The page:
Firm aims to boost pharmaceutical and vaccine business by 5% annually for five years
GSK has cut its dividend to invest in research and set ambitious sales targets as its under-pressure chief executive, Dame Emma Walmsley, pledged to lead Britain’s second biggest drugs maker through a corporate shake-up next year.
GSK is spinning off its consumer healthcare business and aims to increase sales at the remaining pharmaceuticals and vaccines business, provisionally called “New GSK”, by 5% annually over the next five years.
It intends to raise sales to £33bn by 2031, which is almost as much as the £34bn achieved by the whole group, including consumer health, last year. Profits are projected to grow by 10% a year until 2026.
Investors were braced for a steep dividend cut, from 80p a share this year, but will receive a better-than-expected 55p a share in total dividends next year from GSK and the new consumer business. The dividend for “New GSK” will start at 45p in 2023.
Money saved by the dividend cut will be invested in research and development to strengthen the firm’s pipeline of new drugs.
The targets and dividend change were presented at a live video presentation to investors on Wednesday against a backdrop of speculation over Walmsley’s future.
The New York hedge fund Elliott Management, which took a sizeable stake in GSK in April to push for change, has reportedly questioned whether Walmsley is the right person to lead New GSK.
Speaking ahead of the meeting, Walmsley said:“Let me tell you what I am. I am a change agent, I am a business leader and I am very excited about the new plans for a new GSK that we are laying out today. I have been leading and driving very hard a shift to a more performance oriented company … My focus is resolutely on leading us through this transformation, through a successful separation and with momentum beyond that.”
GSK is demerging at least 80% of its stake in the consumer healthcare venture in mid 2022, with the rest to be sold off when market conditions allow.
Walmsley said this was set up to be “very, very, shareholder friendly”. Existing GSK shareholders would receive shares in the new consumer company with brands such as Panadol, Sensodyne and Voltaren, which will be listed in London and New York. Some analysts had advocated an initial public listing to raise money.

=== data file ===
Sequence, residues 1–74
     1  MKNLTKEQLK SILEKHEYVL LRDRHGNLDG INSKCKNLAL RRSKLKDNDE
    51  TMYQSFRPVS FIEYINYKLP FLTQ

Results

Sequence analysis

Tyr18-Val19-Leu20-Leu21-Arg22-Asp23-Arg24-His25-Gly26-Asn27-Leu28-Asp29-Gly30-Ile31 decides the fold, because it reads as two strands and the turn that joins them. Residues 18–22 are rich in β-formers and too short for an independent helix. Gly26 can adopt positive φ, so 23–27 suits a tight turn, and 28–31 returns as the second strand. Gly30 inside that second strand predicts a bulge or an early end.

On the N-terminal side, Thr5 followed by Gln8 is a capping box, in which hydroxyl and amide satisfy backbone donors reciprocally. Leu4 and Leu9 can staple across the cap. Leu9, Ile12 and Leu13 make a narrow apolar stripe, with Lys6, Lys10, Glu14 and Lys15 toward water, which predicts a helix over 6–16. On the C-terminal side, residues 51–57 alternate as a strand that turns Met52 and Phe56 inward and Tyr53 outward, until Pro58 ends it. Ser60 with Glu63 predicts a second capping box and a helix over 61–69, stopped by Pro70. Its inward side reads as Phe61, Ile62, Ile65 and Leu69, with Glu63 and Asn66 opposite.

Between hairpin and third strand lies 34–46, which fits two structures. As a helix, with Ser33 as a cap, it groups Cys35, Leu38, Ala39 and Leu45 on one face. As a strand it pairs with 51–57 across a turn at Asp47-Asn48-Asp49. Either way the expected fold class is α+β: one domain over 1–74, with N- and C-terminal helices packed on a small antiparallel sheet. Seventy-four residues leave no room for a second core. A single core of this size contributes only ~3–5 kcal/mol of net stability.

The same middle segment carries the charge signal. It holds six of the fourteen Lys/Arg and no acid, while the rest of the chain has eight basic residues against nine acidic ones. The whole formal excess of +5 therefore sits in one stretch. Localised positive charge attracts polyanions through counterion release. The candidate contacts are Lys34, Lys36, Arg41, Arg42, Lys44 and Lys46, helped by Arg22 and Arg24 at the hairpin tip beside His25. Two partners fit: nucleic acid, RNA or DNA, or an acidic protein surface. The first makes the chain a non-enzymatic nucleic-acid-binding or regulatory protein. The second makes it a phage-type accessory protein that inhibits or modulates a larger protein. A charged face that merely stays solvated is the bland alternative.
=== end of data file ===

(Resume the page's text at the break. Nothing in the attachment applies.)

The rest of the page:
Walmsley highlighted the achievements made since she inherited a threadbare drugs pipeline four years ago, including a 30%-plus boost in R&D spending, producing a pipeline of 20 vaccines and 42 medicines.
“I’m very aware that GSK shares have underperformed for a long period,” she said. “The transformation achieved over the last four years creates a completely different platform for growth and significant shareholder value.”
The GSK share price rose as much as 3.5%. Prior to Wednesday, ithad fallen 16% since Walmsley took over in April 2017.
Mike Fox, senior fund manager at Royal London Asset Management, a GSK shareholder, said: “This updated strategy moves the needle at GlaxoSmithKline, from a focus on restructuring to a story driven by growth. The targets show that management are prepared to be accountable for this growth, driving an improved shareholder experience, and we look forward to working with them to deliver it.”
The company is aiming for high-single-digit percentage growth in vaccines and double-digit growth for specialist medicines over the next five years.
Peter Welford, an analyst at Jefferies, said the group needed “to build belief in the pipeline”. The firm focuses on cancer, immunology, respiratory drugs and infectious diseases, as well as vaccines.
GSK has also developed a long-acting, injectable HIV drug, whose main ingredient can also be used to prevent HIV infection. Known for its shingles, cervical cancer and flu vaccines, it is also developing vaccines for meningitis and RSV (respiratory syncytial virus), a common virus that can lead to hospitalisation for adults. It estimates that the RSV vaccine market for adults is worth £5bn a year.
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